My, how time flies. It doesn’t seem it but it was back in 2013 that I signed up with Crashplan for a cloud storage account to backup our data. Multiple people in one household banging away with multiple digital cameras generates a lot of data, some of which is worth protecting, and my original regime of writing out optical storage media, starting with CDs and going on to DVDs (though not Blu-ray), had become less than viable. We’d got a little over 200Gb of data between us.
The initial upload of data would, given the very limited speeds possible on our archaic copper wire telecoms infrastructure, have taken about 4 months, so I also signed up for a fibre optic broadband service. Welcome to the modern world – well, almost. My service is still not blazingly fast ‘cos there’s still over ½ mile of archaic copper wire between me and the cabinet – I get about 1Mb upload – but my initial upload now got done in one month.
Everything then went swimmingly. The Crashplan software seemed reasonably well designed and we continued uploading incremental amounts of data as our photographic collection grew. (We do discard the rubbish, as we did in the days of real film, unlike some folks.)
Six months ago the rug got pulled out from under our feet; the gentlefolk at Crashplan announced that “they were withdrawing from the home/consumer backup market”. Sod! [Just look at the management bullshit on that page.]
The Crashplan bullshit also announced, though, that “they had partnered with Carbonite” to which their home customer base was invited to switch. [See the same Crashplan page above.]
Now, I’d have thought that “partnering with” would include a painless data migration path, the data that I had initially spent a whole calendar month @ 24hrs a day uploading. Wrong. The extent of the partnering appeared to be limited to a 50% reduction in cost for the first year. Crashplan home customers would now have to spend almost another 2 months (our data volume has, of course, increased in 5 years) uploading their precious data to the cloud, in the form of Carbonite, yet again.
Well, thanks for nothing to the dishonourable bastards at Crashplan. Personally, I wouldn’t even offer you a blindfold.
Actually, at one point I calculated that it could have taken me the whole of that first year to upload the data again. That’s because Carbonite originally throttled the upload bandwidth to 1Gb/day after the first 200Gb. Look, you don’t need a paid-for service with modest amounts of data; you can accumulate at least 30Gb with free services like Google Sync, Dropbox and MS OneDrive. The paid-for solution space IS large amounts of data. However, they may have seen sense because I now read that they Caronite has supposedly removed that throttling. So, as you were and back to 2 months uploading, then.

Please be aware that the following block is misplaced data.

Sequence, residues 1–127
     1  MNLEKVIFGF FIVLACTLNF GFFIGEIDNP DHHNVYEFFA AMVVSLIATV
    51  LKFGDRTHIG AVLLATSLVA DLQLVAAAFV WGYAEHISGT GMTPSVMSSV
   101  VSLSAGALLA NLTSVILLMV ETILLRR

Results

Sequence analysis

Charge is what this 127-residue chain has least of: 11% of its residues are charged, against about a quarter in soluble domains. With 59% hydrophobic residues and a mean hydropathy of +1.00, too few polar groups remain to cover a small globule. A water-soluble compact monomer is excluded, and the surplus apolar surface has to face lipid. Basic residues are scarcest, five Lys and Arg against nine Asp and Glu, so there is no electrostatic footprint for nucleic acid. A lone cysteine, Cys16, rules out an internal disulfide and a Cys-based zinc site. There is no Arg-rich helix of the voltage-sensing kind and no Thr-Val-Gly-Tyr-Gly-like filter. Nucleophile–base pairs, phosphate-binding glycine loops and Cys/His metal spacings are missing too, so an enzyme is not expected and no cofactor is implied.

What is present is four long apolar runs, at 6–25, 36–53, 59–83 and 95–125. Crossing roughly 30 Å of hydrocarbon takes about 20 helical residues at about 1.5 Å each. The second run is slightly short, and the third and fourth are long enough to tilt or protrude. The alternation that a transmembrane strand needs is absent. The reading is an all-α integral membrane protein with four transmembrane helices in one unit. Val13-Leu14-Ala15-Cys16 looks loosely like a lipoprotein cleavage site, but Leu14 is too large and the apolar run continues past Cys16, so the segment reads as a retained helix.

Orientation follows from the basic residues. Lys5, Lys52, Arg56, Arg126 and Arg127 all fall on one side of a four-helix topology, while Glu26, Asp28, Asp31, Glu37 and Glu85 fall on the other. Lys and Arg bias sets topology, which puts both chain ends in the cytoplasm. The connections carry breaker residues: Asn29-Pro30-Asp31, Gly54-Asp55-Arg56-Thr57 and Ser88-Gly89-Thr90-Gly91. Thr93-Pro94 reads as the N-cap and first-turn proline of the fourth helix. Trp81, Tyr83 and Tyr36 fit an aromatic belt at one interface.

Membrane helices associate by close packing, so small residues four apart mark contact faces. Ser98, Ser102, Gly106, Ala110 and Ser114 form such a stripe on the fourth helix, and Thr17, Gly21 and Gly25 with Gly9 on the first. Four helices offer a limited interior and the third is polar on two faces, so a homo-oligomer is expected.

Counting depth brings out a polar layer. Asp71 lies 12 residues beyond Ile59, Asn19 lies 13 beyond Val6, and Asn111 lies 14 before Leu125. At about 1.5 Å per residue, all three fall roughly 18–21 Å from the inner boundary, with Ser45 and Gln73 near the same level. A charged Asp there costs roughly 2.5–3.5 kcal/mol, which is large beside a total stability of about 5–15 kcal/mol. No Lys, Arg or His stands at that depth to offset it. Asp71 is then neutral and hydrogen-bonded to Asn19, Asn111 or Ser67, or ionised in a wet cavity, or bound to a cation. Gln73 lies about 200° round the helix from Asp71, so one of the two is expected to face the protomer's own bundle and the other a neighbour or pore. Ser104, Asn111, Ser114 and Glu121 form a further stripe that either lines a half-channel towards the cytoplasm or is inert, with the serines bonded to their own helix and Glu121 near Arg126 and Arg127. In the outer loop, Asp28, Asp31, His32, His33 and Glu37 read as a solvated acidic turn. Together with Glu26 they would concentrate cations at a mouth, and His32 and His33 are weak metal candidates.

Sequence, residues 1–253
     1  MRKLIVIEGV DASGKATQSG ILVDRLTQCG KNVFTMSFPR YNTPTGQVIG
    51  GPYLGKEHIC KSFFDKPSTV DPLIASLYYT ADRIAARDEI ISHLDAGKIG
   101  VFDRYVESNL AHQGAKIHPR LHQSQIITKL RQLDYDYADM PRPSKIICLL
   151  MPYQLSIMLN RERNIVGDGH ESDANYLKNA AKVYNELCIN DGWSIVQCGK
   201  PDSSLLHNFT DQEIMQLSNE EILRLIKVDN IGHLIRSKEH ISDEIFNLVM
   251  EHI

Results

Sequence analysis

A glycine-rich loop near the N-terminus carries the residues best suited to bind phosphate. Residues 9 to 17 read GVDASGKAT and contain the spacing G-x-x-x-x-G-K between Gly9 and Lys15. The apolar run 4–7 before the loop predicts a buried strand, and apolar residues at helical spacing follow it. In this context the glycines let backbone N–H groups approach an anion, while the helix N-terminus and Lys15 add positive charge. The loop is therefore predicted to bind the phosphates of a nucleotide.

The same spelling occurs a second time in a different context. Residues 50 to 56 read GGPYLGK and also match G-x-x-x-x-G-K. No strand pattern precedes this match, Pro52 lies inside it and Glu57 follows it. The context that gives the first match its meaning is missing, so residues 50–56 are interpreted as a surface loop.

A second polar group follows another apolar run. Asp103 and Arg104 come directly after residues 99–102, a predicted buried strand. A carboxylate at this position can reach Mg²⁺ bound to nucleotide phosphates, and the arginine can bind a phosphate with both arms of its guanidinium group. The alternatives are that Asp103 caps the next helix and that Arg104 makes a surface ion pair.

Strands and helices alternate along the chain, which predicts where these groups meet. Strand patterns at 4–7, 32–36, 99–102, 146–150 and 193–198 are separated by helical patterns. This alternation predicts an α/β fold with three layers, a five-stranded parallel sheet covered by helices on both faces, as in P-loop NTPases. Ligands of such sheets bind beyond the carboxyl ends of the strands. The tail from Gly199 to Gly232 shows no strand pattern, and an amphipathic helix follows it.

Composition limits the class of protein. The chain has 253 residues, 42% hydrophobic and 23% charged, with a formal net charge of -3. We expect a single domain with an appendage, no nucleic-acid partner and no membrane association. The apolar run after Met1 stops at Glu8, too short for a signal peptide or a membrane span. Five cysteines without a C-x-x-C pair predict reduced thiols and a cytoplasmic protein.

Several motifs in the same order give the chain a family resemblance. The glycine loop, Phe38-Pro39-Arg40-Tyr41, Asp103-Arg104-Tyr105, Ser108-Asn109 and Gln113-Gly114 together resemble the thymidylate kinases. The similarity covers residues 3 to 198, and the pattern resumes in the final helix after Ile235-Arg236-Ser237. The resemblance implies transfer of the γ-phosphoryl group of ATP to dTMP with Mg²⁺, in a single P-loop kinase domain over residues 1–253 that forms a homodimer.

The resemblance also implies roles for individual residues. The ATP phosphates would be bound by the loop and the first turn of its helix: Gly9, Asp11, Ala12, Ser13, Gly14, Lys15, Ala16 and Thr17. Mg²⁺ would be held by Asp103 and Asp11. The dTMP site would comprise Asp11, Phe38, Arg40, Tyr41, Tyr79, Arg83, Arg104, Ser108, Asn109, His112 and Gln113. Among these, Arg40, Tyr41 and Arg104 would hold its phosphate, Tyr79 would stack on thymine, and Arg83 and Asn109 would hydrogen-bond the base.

I suppose, just out of desperation, I did sign up for the first year at Carbonite. Having done so I swiftly became disheartened, though. The straw that broke my particular camels back was noticing, and I fail to understand why, that with constant uploading to The Cloud, any streaming of TV programs on catch-up slowed to the point where buffering and stuttering was frequent – the programs became unwatchable. I measured my download speed and my usual 15+Mb download had slowed to ~3.5Mb. Now why does something that I thought was just uploading knacker download speeds to that extent? I wasn’t prepared for 2 months worth of that so I cancelled my automatic renewal and uninstalled the Carbonite client software.
Once bitten, twice shy. I no longer wanted to rely upon some distant CEO’s whim so I needed another solution.
Optical media still being a pain in the derrière given the data volumes, even with the possibility of Blu-ray, I settled on a 2-bay NAS [Network Attached Storage] device, set up as RAID-1, plugged into my router. This I could make accessible to all our machines. Admittedly my new solution would not address the offsite backup requirement. IT professionals know that, as well as locally available backups for swift restoration, for which we have external hard drives, one should also have an offsite backup to protect against dire disasters such as your business premises/house burning down but if our house burns down we’ve got much bigger problems than salvaging a few digital images. That aside, being RAID-1 (twin copies in the NAS), three things would need to fail more or less simultaneously to lose anything, both drives in the NAS and the source laptop/desktop concerned.
The Cloud is an appealingly neat solution but we really need better access speeds to make it properly viable. The UK, having been hamstrung for too long by its BT copper wire infrastructure, still has areas of the country where even basic fibre optic broadband is not available and copper wire download speeds limited to a few meagre Mb are the norm. We also need companies providing the services to be honourable enough not to suddenly decide to screw their customers by changing their business model.
So, a lingering 2-fingered salute to Crashplan. You do not deserve business.